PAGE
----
It was 5:30 p.m. on Friday, June 29, and 23-year-old Great Falls resident Ali Cheloei had been standing in line for 13 and a half hours. He was only a half-an-hour away from holding in his hand, and purchasing, the day’s prized possession.
Apple launched its much anticipated device, the iPhone, on Friday. Hundreds of local residents lined up in front of the Apple store at Tysons Corner Shopping Center, celebrating the launch and hoping to be among the first to buy the $599 device.
Cheloei was not hoping to hang on to his iPhone for long. "I am going to try to sell them on eBay," he said of the two iPhones he planned to buy. Two was the limit. He said he at first hoped to sell the devices for twice as much as he bought them for, but by the end of the day said he would be satisfied with a $100 or $200 profit from each.
George Copley of McLean, 61, also lined up in front of the store at 4 a.m., but gave up his spot to be with a friend who works with him at Freddie Mac. That friend, David Wilson, 44 of Centreville, arrived at 6 a.m. Wilson said he stood in line for 12 hours because iPhone is a great device. "Phone, iPod, internet, it’s all in my pocket," he said. Copley agreed, but added, "It’s fun, it’s all about the people." He said while standing in line for almost 14 hours he met and talked with a lot of people. Copley’s son told him he was crazy to stand in line for so long for the device. "What he doesn’t know is he is getting an iPhone," said Copley.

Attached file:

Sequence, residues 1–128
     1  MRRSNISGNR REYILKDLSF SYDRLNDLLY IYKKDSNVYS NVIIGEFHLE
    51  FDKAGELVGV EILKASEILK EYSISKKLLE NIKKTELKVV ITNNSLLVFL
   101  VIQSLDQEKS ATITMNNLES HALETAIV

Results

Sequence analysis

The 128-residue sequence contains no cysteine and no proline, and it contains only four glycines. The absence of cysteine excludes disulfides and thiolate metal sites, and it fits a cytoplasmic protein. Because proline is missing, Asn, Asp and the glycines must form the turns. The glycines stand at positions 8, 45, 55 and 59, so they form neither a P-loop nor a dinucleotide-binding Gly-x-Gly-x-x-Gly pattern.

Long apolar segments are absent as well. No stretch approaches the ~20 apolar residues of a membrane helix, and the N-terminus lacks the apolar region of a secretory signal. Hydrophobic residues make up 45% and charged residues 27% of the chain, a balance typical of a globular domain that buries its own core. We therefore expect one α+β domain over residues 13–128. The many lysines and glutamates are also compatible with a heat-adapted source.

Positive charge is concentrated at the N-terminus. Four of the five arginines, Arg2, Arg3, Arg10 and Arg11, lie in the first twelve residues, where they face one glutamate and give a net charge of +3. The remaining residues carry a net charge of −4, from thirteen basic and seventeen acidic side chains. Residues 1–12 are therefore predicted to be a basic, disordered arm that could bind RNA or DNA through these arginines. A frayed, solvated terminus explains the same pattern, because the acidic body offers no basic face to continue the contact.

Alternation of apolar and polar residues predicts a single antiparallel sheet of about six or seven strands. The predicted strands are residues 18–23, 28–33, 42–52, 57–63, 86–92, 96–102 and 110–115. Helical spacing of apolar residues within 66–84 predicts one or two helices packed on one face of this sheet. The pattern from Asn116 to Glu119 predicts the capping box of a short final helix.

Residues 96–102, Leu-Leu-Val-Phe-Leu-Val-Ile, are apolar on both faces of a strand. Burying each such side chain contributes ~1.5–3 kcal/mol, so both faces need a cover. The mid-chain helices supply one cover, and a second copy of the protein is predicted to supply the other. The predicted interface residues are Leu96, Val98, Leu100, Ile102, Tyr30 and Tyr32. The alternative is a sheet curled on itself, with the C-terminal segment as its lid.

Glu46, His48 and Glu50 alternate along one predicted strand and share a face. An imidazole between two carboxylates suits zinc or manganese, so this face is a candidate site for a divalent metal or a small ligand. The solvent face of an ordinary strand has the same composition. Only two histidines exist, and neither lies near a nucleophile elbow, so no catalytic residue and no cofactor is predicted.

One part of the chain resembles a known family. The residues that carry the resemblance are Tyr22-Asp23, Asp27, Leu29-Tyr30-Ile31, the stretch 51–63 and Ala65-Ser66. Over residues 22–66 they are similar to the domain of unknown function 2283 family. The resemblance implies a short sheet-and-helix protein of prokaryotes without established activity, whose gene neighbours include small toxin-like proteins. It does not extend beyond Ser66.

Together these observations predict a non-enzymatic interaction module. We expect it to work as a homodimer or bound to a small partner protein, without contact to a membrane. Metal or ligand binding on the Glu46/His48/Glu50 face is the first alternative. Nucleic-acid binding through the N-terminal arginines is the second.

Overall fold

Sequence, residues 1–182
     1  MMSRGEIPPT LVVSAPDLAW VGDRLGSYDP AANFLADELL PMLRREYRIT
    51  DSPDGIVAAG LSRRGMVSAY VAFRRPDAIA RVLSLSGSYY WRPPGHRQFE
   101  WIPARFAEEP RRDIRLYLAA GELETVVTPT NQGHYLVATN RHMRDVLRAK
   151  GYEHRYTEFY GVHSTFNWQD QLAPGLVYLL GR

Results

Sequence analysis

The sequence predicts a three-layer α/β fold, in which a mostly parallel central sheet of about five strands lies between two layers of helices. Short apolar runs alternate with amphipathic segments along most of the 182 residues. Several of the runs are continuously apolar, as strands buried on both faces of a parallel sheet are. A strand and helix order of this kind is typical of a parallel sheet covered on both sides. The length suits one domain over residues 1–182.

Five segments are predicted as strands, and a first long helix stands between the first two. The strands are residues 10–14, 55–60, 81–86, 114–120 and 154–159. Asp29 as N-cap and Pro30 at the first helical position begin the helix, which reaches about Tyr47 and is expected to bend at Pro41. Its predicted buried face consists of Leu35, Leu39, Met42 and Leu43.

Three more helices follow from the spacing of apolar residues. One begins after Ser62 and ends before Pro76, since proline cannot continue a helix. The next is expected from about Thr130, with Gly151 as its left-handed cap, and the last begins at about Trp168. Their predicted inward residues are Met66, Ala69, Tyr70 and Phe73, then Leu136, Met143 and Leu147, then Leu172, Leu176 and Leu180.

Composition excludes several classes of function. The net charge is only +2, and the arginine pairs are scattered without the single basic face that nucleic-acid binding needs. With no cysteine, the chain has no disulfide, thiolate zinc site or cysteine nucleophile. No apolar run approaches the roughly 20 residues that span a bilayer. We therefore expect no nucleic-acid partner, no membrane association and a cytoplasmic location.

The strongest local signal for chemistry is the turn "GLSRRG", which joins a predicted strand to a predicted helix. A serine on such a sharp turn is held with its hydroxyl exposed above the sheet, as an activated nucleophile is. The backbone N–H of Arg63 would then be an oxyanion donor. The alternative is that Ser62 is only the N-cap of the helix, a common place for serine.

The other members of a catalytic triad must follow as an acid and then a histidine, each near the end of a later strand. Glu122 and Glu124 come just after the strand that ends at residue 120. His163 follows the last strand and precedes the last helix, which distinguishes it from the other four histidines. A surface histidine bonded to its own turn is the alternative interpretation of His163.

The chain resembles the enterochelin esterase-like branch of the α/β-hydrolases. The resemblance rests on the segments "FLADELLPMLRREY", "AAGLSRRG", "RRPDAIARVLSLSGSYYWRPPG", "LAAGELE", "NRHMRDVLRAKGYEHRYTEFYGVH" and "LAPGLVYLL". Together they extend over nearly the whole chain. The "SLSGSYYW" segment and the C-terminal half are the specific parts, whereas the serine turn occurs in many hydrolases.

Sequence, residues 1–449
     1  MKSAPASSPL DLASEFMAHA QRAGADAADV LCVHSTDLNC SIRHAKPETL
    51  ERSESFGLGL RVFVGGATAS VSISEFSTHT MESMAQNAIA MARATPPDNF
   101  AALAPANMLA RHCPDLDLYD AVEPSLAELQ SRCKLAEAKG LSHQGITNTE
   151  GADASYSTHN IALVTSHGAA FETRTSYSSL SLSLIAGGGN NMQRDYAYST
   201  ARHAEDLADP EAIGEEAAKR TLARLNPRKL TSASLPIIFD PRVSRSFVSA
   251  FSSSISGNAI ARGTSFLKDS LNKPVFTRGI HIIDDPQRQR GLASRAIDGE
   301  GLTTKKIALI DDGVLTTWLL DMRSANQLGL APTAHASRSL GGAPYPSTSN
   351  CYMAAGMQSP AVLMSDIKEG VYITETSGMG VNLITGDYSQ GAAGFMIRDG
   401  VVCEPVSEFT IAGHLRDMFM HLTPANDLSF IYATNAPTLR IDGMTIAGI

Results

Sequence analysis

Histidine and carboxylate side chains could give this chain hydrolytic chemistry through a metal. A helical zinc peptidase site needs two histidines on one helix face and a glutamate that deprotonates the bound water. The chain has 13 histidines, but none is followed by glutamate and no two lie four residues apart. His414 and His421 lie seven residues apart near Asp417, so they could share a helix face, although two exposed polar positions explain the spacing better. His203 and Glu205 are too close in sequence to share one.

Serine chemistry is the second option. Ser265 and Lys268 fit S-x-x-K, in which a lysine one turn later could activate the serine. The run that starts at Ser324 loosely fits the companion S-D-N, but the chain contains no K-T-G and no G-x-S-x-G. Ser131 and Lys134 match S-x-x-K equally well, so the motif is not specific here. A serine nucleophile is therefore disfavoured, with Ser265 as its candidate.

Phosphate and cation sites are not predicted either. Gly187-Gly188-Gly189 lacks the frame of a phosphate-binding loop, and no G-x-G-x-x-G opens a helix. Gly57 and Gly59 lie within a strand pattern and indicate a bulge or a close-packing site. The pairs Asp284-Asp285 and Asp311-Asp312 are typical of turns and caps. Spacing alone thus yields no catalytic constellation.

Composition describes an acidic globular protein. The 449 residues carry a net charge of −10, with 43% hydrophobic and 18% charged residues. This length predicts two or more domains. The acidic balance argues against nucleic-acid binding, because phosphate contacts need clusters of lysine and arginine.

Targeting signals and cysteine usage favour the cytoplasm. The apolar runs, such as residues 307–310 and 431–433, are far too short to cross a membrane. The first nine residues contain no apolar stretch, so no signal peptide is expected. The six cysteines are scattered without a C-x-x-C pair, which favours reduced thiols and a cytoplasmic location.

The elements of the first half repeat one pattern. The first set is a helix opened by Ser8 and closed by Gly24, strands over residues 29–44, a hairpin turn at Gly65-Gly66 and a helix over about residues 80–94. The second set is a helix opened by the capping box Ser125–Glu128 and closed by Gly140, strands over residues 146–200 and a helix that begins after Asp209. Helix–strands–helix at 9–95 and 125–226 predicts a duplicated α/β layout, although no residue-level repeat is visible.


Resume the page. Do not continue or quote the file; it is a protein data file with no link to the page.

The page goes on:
One of the people Copley met was Shayne McAllister, a 24-year-old Alexandria resident who works for Mid-Atlantic Computer Solutions, an Apple consultant. McAllister arrived at 5:45 a.m. and stood in line to get two iPhones, both for clients. Leaving for bathroom breaks was not a problem, said McAllister, as there was an understanding between the people waiting. "It’s the Mac line culture," he said. "Mac people tend to be in line for a lot of things."
TWENTY MINUTES TO GO, Tu Huynh, 35, a computer professional from Fairfax is somewhere in the middle of the line that is stretching out of the shopping center. He is standing by the Ritz Camera store. Huynh arrived at 10:45 a.m. having taken a day off from work. "It’s the opportunity to be the first one to get it," said Huynh, who had been interviewed by the British Broadcasting Corporation (BBC) earlier in the day. "Besides, every time I turn the TV on, there it is," he said.
Standing in front of Huynh in line was Suzanne Bell, 31, a physical education teacher from Springfield. Despite having been in line for seven hours at the time, Bell said it was a positive experience. She said Apple employees distributed water to the people in line, while T.G.I. Friday’s came out with some appetizers. The shopping center’s security was nice, and people in line saved her spot when she had to use the restroom. She is willing to spend the $599 because she trusts the product would be of good quality. "I trust it’s going to be what it’s supposed to be," she said.
Ten minutes to go, and 32-year-old Jason Mader, a computer scientist from Washington, D.C., is last in the line that winds out the door and around the corner. He arrived "two minutes ago." Mader said he would not be the last in line for long. "People will keep showing up," he said. "It’s fun, you know everybody here wants one."